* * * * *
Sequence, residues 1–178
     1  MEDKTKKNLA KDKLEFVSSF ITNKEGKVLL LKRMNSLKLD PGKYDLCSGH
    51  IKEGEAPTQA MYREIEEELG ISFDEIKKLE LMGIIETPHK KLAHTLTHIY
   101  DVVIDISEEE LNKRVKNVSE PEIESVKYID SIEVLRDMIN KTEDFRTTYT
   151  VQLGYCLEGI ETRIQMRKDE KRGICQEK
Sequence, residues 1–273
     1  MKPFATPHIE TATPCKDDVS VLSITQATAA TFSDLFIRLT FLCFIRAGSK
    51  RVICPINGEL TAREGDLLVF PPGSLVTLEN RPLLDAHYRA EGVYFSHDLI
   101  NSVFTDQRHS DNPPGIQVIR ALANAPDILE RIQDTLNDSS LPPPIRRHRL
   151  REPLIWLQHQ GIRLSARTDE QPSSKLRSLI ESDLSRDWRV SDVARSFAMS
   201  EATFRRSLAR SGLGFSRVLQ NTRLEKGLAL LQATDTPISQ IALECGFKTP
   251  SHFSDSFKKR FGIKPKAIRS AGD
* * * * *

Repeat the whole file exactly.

Sequence, residues 1–178
     1  MEDKTKKNLA KDKLEFVSSF ITNKEGKVLL LKRMNSLKLD PGKYDLCSGH
    51  IKEGEAPTQA MYREIEEELG ISFDEIKKLE LMGIIETPHK KLAHTLTHIY
   101  DVVIDISEEE LNKRVKNVSE PEIESVKYID SIEVLRDMIN KTEDFRTTYT
   151  VQLGYCLEGI ETRIQMRKDE KRGICQEK
Sequence, residues 1–273
     1  MKPFATPHIE TATPCKDDVS VLSITQATAA TFSDLFIRLT FLCFIRAGSK
    51  RVICPINGEL TAREGDLLVF PPGSLVTLEN RPLLDAHYRA EGVYFSHDLI
   101  NSVFTDQRHS DNPPGIQVIR ALANAPDILE RIQDTLNDSS LPPPIRRHRL
   151  REPLIWLQHQ GIRLSARTDE QPSSKLRSLI ESDLSRDWRV SDVARSFAMS
   201  EATFRRSLAR SGLGFSRVLQ NTRLEKGLAL LQATDTPISQ IALECGFKTP
   251  SHFSDSFKKR FGIKPKAIRS AGD